A delivery man who was made to resign for taking a sack of potatoes from a supermarket just before it was dumped into a skip has lost an appeal.
The Industrial Relations Tribunal upheld the policy of absolute trust between the company and the supermarket it was supplying.
Maurice Zammit took the sack just before it was dumped in a skip outside Lidl supermarket in Luqa. The potatoes were noticed inside his truck and when this was pointed out to him, he placed it back where he had found it.
As he got back to work, he was confronted by his direct superior who gave him an option: he either signs his resignation letter or he is fired.
Mr Zammit took his case to the industrial tribunal, claiming unfair dismissal.
His employer, Crampac Ltd, stood by its decision, saying the incident had breached the trust with its client, something that was sacrosanct for the firm.
The incident took place on May 13, 2009, when Mr Zammit was delivering goods to the supermarket.
As he was unloading the goods, he saw a Lidl employee coming out of the outlet carrying black bags and placing them in the loading bay.
One of them contained a sack of potatoes. He asked whether it was OK if he took a sack and the Lidl employee said he could.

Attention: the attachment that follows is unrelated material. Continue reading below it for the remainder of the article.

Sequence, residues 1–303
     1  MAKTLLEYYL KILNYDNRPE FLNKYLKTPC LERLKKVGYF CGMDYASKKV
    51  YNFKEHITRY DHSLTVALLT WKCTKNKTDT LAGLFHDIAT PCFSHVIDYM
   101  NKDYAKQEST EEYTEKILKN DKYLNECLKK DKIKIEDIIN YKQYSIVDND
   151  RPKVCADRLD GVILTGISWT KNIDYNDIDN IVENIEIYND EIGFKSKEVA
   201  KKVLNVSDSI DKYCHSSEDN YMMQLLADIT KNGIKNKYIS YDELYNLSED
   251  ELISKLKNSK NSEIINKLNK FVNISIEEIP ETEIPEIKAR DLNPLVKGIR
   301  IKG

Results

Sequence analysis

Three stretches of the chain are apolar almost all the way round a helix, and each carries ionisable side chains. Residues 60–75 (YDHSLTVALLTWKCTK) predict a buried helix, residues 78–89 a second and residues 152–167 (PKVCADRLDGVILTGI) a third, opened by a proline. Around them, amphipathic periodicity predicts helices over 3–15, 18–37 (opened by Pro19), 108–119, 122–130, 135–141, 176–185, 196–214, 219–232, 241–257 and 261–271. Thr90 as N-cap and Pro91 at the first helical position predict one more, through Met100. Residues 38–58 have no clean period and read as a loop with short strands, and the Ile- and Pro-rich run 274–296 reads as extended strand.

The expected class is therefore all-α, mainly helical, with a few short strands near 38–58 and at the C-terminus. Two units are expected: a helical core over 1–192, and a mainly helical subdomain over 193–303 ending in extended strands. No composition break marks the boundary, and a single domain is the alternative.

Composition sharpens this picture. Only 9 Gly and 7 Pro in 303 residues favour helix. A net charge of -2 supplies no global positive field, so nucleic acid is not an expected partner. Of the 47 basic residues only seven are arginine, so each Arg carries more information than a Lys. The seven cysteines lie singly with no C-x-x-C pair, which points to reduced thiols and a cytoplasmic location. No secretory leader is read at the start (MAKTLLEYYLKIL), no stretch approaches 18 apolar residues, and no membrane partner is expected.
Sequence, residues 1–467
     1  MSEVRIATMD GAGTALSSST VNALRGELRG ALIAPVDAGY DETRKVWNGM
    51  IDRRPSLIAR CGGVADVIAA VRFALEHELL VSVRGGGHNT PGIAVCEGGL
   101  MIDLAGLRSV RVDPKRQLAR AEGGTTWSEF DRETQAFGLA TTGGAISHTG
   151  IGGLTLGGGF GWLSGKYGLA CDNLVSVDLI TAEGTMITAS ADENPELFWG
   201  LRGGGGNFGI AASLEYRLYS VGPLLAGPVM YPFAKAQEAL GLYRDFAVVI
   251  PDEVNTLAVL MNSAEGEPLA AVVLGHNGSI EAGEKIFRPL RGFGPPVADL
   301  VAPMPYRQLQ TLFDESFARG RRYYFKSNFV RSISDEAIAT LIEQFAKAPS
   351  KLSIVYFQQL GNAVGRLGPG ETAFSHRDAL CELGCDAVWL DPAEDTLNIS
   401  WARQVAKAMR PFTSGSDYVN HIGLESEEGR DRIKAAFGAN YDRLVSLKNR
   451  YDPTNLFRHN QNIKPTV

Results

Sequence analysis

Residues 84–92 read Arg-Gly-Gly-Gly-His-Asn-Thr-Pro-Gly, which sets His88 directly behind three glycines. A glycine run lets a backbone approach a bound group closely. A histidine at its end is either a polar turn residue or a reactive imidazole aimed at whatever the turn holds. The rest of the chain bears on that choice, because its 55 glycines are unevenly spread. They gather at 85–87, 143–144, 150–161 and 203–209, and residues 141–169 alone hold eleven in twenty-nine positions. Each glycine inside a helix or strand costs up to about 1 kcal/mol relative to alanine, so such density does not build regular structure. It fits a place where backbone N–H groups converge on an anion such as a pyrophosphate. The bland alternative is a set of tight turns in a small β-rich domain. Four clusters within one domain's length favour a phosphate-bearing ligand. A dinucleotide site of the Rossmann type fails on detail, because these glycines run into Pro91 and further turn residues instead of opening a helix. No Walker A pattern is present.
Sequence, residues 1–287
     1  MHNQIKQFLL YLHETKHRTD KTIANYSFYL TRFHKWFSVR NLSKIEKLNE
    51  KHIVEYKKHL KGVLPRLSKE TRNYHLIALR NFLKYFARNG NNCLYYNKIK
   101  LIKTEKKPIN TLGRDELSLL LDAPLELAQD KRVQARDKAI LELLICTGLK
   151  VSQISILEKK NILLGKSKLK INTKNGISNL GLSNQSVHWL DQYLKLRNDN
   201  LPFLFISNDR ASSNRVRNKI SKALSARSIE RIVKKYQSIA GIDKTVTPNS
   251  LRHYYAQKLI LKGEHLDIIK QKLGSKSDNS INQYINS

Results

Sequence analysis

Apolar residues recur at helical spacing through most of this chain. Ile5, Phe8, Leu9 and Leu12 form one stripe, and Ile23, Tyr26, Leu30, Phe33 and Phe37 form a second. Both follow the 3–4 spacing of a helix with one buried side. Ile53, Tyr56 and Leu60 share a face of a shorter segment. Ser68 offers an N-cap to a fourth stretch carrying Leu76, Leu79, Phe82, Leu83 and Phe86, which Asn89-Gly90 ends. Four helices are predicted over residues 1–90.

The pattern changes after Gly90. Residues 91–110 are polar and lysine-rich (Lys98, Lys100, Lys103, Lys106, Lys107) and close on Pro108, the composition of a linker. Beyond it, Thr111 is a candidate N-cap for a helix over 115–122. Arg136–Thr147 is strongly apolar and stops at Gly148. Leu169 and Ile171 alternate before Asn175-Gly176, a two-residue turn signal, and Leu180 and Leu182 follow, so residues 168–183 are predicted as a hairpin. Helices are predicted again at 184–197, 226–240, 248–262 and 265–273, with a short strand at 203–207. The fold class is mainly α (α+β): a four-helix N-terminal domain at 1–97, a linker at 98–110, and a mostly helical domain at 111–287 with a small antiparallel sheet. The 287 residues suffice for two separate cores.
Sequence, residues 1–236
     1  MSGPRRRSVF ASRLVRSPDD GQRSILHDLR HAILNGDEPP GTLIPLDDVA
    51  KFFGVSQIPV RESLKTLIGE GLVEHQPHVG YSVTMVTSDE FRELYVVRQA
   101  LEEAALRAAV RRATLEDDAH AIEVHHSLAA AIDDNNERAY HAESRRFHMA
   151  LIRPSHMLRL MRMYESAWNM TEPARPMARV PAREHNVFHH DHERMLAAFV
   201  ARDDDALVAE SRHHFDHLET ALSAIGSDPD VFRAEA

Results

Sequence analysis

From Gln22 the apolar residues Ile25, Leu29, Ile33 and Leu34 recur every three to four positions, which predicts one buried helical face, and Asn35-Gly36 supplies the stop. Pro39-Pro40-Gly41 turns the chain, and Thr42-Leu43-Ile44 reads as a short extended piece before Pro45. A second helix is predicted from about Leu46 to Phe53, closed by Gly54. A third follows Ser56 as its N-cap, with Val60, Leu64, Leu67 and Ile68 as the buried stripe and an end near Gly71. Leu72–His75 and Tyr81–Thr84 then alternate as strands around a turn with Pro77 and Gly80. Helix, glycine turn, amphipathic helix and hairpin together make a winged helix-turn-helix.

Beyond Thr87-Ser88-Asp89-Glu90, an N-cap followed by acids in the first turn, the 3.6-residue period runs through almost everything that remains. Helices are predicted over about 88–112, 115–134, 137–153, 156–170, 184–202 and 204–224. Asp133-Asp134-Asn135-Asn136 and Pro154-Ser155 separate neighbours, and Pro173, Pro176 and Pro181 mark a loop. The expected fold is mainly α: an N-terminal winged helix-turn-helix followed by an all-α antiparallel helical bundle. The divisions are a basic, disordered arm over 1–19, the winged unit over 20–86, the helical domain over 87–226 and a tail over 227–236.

The employee, Daryl Zerafa, told the tribunal that the potatoes had black spots, so his superiors ordered him to throw them away. Lidl manager David Gatt said he noticed the potatoes inside Mr Zammit’s truck. The supermarket had a strict policy that nothing, even if it was going to be dumped, could leave the supermarket premises.
Mr Zammit told the tribunal that when his attention was drawn to the potatoes in his truck, he put the sack back where he had found it.
The tribunal, presided over by Martin Fenech, noted the company’s insistence that the incident prejudiced the relationship with its client. It also took into consideration the fact that it was a Lidl employee who had told Mr Zammit that he could take the sack.
The tribunal concluded that Mr Zammit acted irresponsibly when he took the sack of potatoes, especially since he was still on the supermarket’s premises.
It ruled that the company was justified in forcing him to resign.
Lawyer Joanne Vella Cuschieri appeared for Mr Zammit.
Lawyer Matthew Brincat appeared for the company.